Saturday, November 11, 2017

The day I drank my daughter's Ritalin

The story I'm about to tell you is disgusting. Repulsive. The story I'm about to tell you might possibly make you think differently of me. The story I'm about to tell you might possibly make you think that I'm an unfit mother. The story I'm about to tell you is the hardest thing I've ever written/talked about. The story I'm about to tell you HAS to be told, because I can no longer keep it hidden.

Our youngest daughter has attention deficit disorder, or ADHD. We figured this out pretty early on, but decided to try more conservative measures rather than medicating her. However, nothing seemed to work and her pediatrician decided to try her on Ritalin, a stimulant that treats ADD/ADHD. I had never really been into uppers, so I wasn't too concerned about having this drug in the house. One thing that I quickly learned, however, is that a drug addict can essentially find an affection (or possibly affliction) for any type of substance that can be abused. In the end, a high is a high. And in the end, we will do anything we can to get high. Before I went to treatment the first time around, I had started sipping on Ritalin every now and then. I developed quite an affinity for it, and was often even proud of myself for how much I got done while experiencing a stimulant high. It might just make it to the top of my drug of choice list. One day while everyone was at school, I installed a floor to ceiling shelving unit...all by myself. I was super proud. What an amazing wife/mama I was when I drank that magic syrup. Or so I thought.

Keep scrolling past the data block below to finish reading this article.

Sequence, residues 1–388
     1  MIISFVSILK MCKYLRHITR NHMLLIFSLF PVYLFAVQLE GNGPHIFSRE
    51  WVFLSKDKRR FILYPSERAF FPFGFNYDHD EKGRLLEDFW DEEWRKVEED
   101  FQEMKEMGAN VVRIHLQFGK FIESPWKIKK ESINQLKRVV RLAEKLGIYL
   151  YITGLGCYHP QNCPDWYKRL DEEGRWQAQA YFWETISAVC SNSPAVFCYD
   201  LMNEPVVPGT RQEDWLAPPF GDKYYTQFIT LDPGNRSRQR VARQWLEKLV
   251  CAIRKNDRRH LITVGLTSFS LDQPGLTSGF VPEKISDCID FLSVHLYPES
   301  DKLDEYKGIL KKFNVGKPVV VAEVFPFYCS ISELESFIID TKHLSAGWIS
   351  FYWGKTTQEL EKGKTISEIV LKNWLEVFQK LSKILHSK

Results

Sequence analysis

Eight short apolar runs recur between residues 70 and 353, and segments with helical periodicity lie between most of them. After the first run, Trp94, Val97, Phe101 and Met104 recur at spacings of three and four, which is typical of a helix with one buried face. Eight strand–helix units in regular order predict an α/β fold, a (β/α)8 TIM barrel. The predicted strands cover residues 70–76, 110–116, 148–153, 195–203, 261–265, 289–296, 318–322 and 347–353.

Anyway, I went to treatment and vowed that I would never do anything that atrocious again. I came home after 100 days and my family resumed life as normal. Well, everything was normal other than the compulsive desire I had to check the medicine cabinet to see if the Ritalin was there. It was like I was being magnetically pulled toward that cabinet. I didn't want to open it, but eventually I just couldn't resist. And the Ritalin was still there. I remember standing beside my inground swimming pool, med bottle in hand, on the phone with my sponsor. I told her that I was having a hard time, just didn't tell her how hard of a time. I managed to put the bottle back that day without taking a drink of it, but, as time went on, my resolve dissipated. My new morning routine began. I would give my sweet little girl her medicine, then I would take some for myself. There was a large quanitity (like several of those nice big liquid medicine bottles), so I wasn't really concerned about anyone discovering that it was dwindling.....quickly.